Eurozone manufacturing expanded at a fractionally slower rate than originally thought last month. A 51.0 final PMI print was just a tick down on the flash estimate and unchanged from the final January figure.
The rate of output expansion also matched January despite a minor pickup in new orders growth to a 7-month high. Disappointingly, the acceleration in total orders was wholly attributable to increased momentum in exports which helped to mask subdued domestic market conditions. Even so, employment crept higher for a sixth successive month and at its sharpest rate over the period. Backlogs were broadly unchanged. Price pressures predictably remained very weak and deflation in input costs was only slightly less than January's five-and- half-year record. Factory gate prices decreased for a sixth straight month.
Regionally, Ireland (57.5) was easily the best performer and indeed its PMI saw a 182-month high. Spain (54.2) was second in the ladder ahead of the Netherlands (52.2) and Italy (51.9). However, the core countries underperformed with Germany (51.1) registering only modest growth and France (47.6) again well into negative growth territory and, moreover, at the bottom of the international table.
The final February results suggest that manufacturing will provide little help to Eurozone economic growth this quarter. The sector at least appears to be expanding but so slowly as makes little difference and the sluggishness of the two core members is a real concern. With inflation so soft this month's launch of QE should be welcomed at home and abroad despite German concerns.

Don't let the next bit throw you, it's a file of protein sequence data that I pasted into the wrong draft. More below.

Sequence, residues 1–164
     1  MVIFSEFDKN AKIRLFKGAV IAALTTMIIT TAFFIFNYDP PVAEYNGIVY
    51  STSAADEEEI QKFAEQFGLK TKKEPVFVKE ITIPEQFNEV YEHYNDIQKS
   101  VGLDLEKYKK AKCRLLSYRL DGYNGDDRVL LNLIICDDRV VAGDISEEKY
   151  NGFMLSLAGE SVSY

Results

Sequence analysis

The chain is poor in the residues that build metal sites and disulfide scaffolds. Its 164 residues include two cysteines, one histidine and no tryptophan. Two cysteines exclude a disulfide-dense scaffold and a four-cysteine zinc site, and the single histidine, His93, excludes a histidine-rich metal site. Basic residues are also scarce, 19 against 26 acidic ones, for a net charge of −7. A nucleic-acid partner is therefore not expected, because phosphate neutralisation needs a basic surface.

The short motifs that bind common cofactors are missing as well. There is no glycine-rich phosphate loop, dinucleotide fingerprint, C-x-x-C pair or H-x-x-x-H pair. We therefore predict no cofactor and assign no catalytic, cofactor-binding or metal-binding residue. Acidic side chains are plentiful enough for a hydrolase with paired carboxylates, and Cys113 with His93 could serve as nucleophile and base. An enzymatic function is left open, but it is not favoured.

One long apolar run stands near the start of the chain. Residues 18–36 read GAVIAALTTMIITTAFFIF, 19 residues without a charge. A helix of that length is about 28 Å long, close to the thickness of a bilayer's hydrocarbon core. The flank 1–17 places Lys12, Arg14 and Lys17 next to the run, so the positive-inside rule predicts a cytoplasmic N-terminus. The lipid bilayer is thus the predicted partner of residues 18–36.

Purchasing Managers' Manufacturing Index (PMIs) is based on monthly questionnaire surveys of selected companies which provide an advance indication of what is really happening in the private sector economy by tracking changes in variables such as output, new orders, stock levels, employment and prices across the manufacturing sectors.
Investors need to keep their fingers on the pulse of the economy because it dictates how various types of investments will perform. By tracking economic data such as the ISM manufacturing index in the U.S. and the Markit PMIs elsewhere, investors will know what the economic backdrop is for the various markets. The stock market likes to see healthy economic growth because that translates to higher corporate profits. The bond market prefers less rapid growth and is extremely sensitive to whether the economy is growing too quickly and causing potential inflationary pressures.
The Markit PMI manufacturing data give a detailed look at the manufacturing sector, how busy it is and where things are headed. Since the manufacturing sector is a major source of cyclical variability in the economy, this report has a big influence on the markets. And its sub-indexes provide a picture of orders, output, employment and prices.
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